Patrick Lin started it. In an article entitled ‘The Ethics of Autonomous Cars’ (published in The Atlantic in 2013), he considered the principles that self-driving cars should follow when they encountered tricky moral dilemmas on the road. We all encounter these situations from time to time. Something unexpected happens and you have to make a split second decision. A pedestrian steps onto the road and you don’t see him until the last minute: do you slam on the brakes or swerve to avoid? Lin made the obvious point that no matter how safe they were, self-driving cars would encounter situations like this, and so engineers would have to design ‘crash-optimisation’ algorithms that the cars would use to make those split second decisions.In a later article Lin explained the problem by using a variation on the famous ‘trolley problem’ thought experiment. The classic trolley problem asks you to imagine a trolley car hurtling out of control down a railroad track. If it continues on its present course, it will collide with and kill five people. You can, however, divert it onto a sidetrack. If you do so, it will kill only one person. What should you do? Ethicists have debated the appropriate choice for the last forty years. Lin’s variation on the trolley problem worked like this:Imagine in some distant future, your autonomous car encounters this terrible choice: it must either swerve left and strike an eight-year old girl, or swerve right and strike an 80-year old grandmother. Given the car’s velocity, either victim would surely be killed on impact. If you do not swerve, both victims will be struck and killed; so there is good reason to think that you ought to swerve one way or another. But what would be the ethically correct decision? If you were programming the self-driving car, how would you instruct it to behave if it ever encountered such a case, as rare as it may be? (Lin 2016, 69)There is certainly value to thinking about problems of this sort. But some people worry that, in focusing on individualised moral dilemmas such as this, the framing of the ethical challenges facing the designers of self-driving cars is misleading. There are important differences between the moral choice confronting the designer of the crash optimisation system (whether it be programmed from the top-down with clearly prescribed rules or the bottom-up using some machine-learning system) and the choices faced by drivers in particular dilemmas. Recently, some papers have been written drawing attention to these differences. One of them is Hin-Yan Liu’s ’Structural Discrimination and Autonomous Vehicles’. I just interviewed Hin-Yan for my podcast about this and other aspects of his research, but I want to take this opportunity to examine the argument in that paper in more detail.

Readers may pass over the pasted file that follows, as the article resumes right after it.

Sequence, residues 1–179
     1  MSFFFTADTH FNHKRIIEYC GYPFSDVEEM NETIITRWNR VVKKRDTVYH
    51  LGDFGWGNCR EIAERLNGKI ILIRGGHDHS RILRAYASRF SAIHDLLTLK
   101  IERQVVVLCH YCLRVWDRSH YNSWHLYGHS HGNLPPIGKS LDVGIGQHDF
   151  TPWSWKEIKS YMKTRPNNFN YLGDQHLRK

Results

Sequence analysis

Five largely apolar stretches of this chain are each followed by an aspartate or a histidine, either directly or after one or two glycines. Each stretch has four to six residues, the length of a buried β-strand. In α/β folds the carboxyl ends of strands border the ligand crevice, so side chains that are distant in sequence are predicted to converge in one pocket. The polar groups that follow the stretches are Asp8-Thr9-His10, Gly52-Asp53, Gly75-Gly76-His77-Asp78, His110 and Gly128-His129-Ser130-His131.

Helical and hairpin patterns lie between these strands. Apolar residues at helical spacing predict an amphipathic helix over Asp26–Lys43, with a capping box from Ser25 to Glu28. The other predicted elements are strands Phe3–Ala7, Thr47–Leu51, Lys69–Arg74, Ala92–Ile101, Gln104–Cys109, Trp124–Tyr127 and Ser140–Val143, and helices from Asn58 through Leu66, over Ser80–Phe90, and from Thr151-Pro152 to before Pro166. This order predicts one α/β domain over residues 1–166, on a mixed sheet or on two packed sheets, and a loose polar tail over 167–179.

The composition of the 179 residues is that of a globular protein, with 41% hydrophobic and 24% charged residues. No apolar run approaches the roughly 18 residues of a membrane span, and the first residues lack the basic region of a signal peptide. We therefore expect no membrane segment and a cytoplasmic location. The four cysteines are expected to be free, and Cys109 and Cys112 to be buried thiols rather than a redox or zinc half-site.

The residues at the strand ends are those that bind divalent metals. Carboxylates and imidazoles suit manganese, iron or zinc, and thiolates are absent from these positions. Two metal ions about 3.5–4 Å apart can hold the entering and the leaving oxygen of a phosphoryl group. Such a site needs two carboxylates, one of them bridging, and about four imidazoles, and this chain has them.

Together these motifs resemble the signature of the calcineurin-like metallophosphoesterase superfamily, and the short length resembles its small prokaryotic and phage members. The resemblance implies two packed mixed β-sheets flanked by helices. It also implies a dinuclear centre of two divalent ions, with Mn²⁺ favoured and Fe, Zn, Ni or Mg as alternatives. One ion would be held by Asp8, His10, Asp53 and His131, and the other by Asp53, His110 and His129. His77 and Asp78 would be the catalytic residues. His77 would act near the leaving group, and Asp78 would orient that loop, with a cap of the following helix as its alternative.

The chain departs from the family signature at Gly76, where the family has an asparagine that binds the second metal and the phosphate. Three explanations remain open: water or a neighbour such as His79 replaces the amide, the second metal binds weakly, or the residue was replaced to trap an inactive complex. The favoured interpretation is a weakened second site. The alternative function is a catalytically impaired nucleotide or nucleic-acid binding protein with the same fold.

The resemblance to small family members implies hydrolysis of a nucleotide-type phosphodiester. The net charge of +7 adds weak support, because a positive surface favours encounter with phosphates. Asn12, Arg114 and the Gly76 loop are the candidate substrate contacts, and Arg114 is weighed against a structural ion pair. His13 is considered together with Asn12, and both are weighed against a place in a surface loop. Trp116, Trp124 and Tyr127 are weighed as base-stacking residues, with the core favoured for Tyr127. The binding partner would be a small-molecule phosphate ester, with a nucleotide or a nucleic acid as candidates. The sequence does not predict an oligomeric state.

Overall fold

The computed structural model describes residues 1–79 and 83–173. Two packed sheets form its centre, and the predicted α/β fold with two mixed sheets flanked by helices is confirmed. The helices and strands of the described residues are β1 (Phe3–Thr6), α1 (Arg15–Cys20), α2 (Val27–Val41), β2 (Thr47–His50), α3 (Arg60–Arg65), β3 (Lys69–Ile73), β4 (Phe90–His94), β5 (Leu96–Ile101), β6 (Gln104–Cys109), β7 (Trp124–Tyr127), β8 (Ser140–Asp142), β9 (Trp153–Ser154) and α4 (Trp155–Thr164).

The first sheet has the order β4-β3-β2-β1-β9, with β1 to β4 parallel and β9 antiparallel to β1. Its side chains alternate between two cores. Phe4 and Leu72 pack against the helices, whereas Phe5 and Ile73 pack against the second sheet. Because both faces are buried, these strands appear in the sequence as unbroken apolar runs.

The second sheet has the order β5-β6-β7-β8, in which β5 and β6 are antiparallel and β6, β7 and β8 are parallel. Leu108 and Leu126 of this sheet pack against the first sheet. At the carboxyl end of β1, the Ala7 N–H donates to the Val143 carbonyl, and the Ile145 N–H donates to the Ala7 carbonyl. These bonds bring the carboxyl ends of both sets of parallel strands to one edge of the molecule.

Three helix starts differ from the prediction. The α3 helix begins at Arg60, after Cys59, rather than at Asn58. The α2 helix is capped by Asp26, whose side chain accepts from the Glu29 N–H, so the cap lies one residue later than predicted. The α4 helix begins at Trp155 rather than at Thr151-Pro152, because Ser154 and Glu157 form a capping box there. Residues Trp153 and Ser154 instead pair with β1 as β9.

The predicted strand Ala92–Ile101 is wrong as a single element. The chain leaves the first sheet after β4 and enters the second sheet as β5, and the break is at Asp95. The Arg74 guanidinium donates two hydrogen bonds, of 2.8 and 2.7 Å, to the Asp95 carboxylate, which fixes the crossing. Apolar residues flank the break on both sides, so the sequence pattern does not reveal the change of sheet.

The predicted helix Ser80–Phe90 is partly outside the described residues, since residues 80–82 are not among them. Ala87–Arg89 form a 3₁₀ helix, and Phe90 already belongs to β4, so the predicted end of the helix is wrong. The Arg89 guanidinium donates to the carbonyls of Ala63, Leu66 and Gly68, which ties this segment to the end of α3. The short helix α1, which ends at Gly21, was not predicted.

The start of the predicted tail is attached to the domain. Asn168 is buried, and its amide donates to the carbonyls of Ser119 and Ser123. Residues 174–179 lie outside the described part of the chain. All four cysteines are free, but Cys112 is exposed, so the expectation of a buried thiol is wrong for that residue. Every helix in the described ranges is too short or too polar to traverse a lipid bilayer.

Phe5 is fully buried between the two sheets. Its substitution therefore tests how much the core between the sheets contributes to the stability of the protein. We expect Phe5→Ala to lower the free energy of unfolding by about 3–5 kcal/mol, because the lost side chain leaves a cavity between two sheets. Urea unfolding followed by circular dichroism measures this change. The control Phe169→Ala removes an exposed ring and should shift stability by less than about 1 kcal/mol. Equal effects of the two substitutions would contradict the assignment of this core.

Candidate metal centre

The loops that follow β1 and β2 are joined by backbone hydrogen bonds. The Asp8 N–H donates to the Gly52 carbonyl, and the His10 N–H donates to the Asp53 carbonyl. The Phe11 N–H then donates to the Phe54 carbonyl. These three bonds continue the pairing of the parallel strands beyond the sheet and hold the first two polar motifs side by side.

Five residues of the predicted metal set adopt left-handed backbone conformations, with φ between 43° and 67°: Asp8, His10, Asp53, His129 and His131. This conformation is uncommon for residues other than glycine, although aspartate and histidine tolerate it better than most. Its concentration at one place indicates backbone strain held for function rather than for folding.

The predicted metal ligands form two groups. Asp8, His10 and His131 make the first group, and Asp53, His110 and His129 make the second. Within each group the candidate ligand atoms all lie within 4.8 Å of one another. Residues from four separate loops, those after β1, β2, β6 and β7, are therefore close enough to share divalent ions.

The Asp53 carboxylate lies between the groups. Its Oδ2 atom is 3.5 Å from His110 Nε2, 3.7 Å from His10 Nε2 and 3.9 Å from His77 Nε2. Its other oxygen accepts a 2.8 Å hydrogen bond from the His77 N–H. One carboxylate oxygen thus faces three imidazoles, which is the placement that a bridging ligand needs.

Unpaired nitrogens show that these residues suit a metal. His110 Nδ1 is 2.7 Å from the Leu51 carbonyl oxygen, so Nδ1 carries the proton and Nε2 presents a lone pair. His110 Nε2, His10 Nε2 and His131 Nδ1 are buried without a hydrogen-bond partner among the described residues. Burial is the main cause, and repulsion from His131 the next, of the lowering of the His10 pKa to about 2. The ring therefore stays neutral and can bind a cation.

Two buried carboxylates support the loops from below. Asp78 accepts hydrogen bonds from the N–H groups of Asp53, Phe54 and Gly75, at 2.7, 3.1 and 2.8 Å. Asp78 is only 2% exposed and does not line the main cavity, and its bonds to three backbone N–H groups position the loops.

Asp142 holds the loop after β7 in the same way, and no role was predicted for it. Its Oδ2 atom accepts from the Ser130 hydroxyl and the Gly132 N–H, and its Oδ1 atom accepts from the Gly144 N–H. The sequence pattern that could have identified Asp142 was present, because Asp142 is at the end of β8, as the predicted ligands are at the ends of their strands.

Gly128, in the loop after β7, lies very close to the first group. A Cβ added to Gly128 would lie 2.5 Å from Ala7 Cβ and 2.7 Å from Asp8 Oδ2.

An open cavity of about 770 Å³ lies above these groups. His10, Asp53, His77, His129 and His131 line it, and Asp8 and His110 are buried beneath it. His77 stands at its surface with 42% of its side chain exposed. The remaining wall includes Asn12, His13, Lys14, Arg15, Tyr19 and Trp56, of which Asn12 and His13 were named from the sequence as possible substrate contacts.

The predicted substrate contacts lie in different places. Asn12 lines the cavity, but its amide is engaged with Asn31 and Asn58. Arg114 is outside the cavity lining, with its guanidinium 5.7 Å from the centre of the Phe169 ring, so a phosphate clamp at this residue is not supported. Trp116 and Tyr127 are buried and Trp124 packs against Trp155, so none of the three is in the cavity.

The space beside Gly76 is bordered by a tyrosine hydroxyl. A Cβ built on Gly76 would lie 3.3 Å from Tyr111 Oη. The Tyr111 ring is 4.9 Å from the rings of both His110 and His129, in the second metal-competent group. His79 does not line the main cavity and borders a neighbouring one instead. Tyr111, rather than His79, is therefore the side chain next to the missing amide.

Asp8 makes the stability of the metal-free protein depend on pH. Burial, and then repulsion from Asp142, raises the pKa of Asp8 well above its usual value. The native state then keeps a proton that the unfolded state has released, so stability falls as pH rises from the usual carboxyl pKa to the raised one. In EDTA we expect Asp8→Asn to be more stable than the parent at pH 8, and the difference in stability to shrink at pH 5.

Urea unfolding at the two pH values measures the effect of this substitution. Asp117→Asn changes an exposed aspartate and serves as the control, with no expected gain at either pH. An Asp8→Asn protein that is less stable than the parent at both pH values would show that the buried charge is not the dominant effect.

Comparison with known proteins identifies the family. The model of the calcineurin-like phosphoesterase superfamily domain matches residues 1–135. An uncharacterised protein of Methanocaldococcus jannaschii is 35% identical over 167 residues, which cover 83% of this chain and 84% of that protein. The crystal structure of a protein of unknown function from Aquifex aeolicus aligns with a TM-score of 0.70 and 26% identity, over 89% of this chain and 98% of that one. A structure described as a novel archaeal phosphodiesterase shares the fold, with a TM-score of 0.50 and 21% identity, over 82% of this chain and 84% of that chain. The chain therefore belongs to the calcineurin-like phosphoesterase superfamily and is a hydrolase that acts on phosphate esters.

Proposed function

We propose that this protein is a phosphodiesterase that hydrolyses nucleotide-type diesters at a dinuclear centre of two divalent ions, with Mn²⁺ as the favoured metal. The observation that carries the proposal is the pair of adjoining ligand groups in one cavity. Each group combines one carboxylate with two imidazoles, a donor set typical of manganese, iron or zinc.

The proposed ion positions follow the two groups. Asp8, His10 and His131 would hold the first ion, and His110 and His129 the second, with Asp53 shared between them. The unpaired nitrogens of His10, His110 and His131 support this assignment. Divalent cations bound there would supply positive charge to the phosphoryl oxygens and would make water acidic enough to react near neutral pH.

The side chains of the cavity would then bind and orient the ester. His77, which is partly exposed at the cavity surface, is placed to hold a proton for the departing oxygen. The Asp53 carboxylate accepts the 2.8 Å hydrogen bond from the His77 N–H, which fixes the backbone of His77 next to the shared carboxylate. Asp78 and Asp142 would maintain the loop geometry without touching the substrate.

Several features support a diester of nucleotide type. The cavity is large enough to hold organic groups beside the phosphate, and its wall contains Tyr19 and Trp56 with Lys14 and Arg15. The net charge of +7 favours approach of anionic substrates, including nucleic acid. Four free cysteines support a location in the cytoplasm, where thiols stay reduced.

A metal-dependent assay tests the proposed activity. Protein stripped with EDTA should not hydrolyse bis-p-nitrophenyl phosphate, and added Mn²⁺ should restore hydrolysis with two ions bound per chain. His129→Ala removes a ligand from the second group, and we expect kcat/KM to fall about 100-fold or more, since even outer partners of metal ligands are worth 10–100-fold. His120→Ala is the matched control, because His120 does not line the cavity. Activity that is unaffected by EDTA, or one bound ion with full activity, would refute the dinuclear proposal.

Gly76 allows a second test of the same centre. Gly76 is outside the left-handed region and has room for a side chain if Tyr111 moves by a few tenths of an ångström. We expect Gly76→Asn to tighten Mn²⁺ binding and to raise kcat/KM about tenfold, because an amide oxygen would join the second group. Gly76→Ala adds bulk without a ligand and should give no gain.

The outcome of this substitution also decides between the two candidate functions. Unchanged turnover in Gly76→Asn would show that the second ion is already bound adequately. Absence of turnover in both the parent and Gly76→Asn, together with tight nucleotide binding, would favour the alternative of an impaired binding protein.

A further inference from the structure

The Ethics of Crash Optimisation Algorithms